Call Center City

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New employees learn the trade in a training class at the Morley call center in Mauldin. The company currently has 100 employees, and ultimately hopes to employ more than 270. Photo by Will Crooks.

In the City of Mauldin, a striking feature of the economy has emerged over the past 17 years.

Near the intersection of Interstate 385 and Butler Road, at least nine companies — most of them big corporations with recognized brand names — have opened or announced call centers or similar kinds of back-office operations such as loan-processing centers that primarily involve rote or routine tasks.

The cluster of facilities where more than 3,000 people work, or will soon work, began in 2000, when Ford Credit announced a loan-processing center in the Brookfield office park.

The next year, Verizon Wireless launched call center operations in the same office park.

In 2002, Charter Communications began call center work in an office building along I-385, not far from the intersection with Butler Road.

Seven years later, Samsung Electronics America announced a call center within eyesight of the Charter offices.

In 2012, Global Lending Services, an auto finance company, opened a call center in Brookfield. Two years later, Esurance, an Allstate subsidiary that sells insurance over the internet, announced a sales and claims office in Brookfield.

Last year, two more companies announced call centers in Brookfield: Morley, which is helping an unidentified customer provide roadside assistance, and Anyone Home, which serves property managers in the housing market.

The cluster grew again in February when BB&T announced plans to relocate more than 600 mortgage-processing jobs from downtown Greenville into a new office building along Butler Road near I-385.

The same day, Verizon Wireless said it would add 260 call center jobs to its existing facility in Brookfield.

And more call center jobs may be on the way.

Morley said it’s planning to open a second location in the Mauldin area as its regional business grows, and Global Lending Services said it intends to expand within Brookfield in June.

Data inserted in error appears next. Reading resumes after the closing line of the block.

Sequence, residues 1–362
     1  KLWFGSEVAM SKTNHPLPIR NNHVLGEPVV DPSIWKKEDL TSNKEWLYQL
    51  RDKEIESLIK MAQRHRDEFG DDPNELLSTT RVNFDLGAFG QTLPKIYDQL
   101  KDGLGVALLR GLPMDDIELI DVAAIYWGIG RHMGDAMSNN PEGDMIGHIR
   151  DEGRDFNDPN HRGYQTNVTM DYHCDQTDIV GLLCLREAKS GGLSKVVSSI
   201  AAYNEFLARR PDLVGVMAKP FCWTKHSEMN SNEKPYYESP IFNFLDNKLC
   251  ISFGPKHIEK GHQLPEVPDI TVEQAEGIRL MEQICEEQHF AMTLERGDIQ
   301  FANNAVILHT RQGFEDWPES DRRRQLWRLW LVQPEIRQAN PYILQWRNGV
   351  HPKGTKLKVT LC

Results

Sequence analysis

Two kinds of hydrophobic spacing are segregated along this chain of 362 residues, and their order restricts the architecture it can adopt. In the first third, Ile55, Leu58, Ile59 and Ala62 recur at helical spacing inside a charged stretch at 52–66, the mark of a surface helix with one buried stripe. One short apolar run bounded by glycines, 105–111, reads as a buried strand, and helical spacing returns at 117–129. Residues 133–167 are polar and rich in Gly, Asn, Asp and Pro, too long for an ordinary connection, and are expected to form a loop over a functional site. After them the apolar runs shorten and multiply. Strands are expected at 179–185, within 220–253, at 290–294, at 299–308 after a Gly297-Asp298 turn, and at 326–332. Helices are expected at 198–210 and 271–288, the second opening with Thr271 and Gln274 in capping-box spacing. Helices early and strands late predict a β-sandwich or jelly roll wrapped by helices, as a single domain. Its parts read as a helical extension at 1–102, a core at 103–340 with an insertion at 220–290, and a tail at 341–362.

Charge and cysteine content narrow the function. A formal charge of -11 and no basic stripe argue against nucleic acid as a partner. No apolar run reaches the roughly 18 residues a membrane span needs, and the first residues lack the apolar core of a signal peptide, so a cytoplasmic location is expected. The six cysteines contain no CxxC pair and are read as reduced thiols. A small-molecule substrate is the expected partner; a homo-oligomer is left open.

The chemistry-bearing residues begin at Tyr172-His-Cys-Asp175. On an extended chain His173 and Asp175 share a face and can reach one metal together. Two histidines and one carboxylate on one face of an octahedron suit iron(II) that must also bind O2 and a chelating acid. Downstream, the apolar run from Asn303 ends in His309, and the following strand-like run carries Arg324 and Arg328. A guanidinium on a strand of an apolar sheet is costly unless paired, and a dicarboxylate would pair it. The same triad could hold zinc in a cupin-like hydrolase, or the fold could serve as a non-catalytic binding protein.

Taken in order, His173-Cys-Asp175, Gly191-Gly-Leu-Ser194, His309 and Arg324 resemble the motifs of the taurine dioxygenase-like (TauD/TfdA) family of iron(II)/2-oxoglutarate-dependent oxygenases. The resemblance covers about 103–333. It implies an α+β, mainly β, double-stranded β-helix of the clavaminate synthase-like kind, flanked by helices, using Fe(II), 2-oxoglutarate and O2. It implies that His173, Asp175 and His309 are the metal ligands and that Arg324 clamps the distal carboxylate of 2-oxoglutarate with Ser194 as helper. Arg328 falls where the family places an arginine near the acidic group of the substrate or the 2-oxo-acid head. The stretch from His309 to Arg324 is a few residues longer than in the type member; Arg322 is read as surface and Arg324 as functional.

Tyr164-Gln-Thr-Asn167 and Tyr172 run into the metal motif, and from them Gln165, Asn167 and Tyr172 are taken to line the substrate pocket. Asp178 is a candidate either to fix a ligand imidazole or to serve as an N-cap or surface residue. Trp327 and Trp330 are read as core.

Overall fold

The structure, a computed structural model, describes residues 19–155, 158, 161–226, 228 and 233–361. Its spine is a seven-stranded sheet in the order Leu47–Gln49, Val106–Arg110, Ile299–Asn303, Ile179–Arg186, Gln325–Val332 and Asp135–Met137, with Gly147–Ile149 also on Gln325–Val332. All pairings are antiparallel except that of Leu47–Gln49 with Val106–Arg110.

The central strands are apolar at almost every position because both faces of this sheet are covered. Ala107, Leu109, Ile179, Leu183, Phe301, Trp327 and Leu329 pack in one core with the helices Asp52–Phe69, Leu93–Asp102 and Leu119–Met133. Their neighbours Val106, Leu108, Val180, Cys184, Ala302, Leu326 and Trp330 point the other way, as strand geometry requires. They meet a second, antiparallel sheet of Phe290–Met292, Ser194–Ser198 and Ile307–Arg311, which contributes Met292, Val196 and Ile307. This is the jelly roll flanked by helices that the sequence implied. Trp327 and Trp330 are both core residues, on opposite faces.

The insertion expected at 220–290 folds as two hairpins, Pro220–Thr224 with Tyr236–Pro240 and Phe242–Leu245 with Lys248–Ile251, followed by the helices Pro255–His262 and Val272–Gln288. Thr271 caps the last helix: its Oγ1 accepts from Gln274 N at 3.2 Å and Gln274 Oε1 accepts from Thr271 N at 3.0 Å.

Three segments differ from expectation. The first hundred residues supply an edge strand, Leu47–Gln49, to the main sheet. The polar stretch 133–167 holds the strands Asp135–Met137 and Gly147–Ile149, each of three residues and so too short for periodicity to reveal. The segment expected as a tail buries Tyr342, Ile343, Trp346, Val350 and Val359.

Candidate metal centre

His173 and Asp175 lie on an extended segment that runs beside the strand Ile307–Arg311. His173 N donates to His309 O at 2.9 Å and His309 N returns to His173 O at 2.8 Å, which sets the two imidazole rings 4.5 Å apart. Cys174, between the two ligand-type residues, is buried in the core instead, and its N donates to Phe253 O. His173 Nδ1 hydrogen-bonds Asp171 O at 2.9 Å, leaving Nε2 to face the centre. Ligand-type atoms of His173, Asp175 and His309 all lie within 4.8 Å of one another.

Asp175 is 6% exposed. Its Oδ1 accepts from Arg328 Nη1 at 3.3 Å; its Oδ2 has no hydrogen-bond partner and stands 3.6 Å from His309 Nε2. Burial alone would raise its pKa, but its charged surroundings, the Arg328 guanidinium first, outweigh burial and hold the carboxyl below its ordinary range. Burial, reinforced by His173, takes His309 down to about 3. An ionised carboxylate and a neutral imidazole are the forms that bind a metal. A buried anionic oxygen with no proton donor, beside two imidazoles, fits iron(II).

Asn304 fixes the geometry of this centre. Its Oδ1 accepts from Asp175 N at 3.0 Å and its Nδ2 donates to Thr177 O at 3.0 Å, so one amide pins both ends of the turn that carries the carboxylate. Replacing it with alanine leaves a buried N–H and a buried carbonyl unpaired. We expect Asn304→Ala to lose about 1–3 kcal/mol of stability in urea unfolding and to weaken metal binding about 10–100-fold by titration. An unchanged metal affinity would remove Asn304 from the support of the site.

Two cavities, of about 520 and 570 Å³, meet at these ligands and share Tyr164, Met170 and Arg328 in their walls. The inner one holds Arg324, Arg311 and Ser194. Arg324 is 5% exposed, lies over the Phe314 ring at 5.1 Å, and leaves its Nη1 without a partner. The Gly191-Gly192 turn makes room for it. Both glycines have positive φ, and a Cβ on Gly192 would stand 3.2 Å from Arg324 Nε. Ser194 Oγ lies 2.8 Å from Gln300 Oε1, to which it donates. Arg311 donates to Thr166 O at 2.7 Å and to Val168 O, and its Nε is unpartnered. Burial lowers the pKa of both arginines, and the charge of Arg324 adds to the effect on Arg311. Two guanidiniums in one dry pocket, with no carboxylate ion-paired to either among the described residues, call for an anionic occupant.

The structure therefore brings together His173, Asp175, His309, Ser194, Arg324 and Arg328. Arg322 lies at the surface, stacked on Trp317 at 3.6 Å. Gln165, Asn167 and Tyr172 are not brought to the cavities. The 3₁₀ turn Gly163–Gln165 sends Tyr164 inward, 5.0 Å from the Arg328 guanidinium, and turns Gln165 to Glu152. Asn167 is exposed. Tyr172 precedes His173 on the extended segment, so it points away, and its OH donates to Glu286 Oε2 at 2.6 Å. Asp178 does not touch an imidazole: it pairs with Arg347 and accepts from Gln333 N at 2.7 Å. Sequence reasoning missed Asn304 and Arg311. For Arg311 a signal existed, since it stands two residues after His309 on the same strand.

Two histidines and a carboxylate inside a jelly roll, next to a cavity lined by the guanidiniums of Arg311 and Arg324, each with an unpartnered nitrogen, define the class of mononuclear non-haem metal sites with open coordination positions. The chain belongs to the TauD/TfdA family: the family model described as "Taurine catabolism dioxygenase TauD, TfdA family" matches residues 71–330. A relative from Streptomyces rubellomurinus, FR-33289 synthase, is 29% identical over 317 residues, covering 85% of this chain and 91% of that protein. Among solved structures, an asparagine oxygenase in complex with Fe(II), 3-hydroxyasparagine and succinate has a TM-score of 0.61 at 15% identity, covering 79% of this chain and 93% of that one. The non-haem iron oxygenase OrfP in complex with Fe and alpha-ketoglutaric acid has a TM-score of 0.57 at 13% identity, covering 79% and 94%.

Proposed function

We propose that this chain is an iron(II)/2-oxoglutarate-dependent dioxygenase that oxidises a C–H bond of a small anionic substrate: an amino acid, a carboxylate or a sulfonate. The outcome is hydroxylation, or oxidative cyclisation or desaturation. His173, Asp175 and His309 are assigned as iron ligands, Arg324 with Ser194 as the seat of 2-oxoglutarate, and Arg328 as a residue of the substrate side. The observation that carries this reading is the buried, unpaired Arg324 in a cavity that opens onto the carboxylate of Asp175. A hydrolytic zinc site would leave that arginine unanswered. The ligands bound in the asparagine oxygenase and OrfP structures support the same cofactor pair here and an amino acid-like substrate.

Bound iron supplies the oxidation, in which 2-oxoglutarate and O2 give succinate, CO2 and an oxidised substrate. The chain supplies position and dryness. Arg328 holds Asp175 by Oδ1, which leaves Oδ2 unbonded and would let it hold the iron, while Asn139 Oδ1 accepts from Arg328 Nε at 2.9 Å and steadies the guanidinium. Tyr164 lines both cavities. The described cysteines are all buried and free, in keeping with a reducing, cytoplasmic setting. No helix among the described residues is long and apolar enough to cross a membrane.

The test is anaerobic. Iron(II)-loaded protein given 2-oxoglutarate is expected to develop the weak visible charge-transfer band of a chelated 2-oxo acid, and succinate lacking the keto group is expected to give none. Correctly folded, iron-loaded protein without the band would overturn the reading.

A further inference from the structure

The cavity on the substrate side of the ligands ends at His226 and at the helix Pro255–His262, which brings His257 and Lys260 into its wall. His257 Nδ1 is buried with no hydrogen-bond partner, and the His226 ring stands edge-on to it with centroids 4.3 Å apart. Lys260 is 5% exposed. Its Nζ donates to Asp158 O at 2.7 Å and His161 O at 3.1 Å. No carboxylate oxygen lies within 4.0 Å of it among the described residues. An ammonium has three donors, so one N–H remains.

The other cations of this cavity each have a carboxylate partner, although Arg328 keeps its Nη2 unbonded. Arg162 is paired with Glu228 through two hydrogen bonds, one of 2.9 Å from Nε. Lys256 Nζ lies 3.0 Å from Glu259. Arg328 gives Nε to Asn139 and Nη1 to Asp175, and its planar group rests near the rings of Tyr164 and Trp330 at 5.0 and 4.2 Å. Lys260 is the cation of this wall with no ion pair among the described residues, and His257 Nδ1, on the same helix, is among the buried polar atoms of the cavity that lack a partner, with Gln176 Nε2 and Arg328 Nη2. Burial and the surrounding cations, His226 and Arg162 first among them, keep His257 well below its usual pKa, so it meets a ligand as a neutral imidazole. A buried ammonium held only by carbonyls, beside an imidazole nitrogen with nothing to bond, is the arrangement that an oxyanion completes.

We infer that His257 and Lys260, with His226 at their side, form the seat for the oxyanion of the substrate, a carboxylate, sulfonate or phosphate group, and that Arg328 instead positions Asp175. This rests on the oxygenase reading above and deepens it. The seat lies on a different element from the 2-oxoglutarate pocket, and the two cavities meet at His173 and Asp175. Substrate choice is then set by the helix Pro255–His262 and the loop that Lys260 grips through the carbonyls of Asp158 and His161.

WHY MAULDIN?

Commercial real estate brokers who have worked with call centers gave various reasons why the cluster formed in Mauldin near the intersection of I-385 and Butler Road instead of somewhere else.

The location along I-385 is key, they said, because it makes for a relatively easy commute from almost anywhere in the Upstate, enabling call centers to recruit labor from Anderson to Spartanburg, Laurens to Travelers Rest.

Bill Burgess, a broker and developer from Greenville who helped put Ford Credit in Brookfield, said securing a workforce is the biggest issue for call center operators.

“You’ve got to have people that you can hire,” he said. “Because the call center companies are not transferring people here; they’ve got to hire locals.”

Call centers also need a lot of parking space, and neither they nor their employees are usually willing to pay $72 a month for a single space in a downtown garage, said Charlie Whitmire, a broker and developer from Greenville who counts Verizon Wireless among his clients.

Whitmire said the office space at Brookfield, where six of the nine operations in the cluster are located, is not only less expensive than downtown office space but also comes with lots of free surface parking.

And there’s lots of retailers on Butler and Woodruff roads — restaurants, bank branches, pharmacies — where call center employees can dine, shop, or run errands on the way to or from work or during lunch breaks.

That tends to make them happier, reducing turnover at the call centers, Burgess said.

“If everything is a hassle — going to work is a hassle, picking up the dry cleaning is a hassle, going to the grocery store is a hassle — then people are going to move away from that and find an alternative,” he said.

Call centers also want redundancy in telecommunications and electrical infrastructure, and more than one provider to choose from, and that’s available around the intersection of I-385 and Butler Road, the brokers said.

AT&T offers a service called a SONET Ring that provides a second path for data transmission if one line is accidentally cut, a spokesperson confirmed.

Laurens Electric Cooperative has three substations in the area, so call centers always have a backup circuit, said Randy Garrett, vice president of government affairs.

That’s not the case everywhere, he said, adding, “It just turns out that in that area we’re fortunate enough to be able to do that.”

A spokesman for Morley gave various reasons why the company picked Mauldin for its call center, including weather, transportation considerations, and an employment pool from which to recruit.

The various factors that led BB&T to pick Mauldin for its mortgage-processing center include available land, proximity to interstates, and an analysis of where its employees live, said David White, vice president of communications for the Winston-Salem, N.C.-based bank.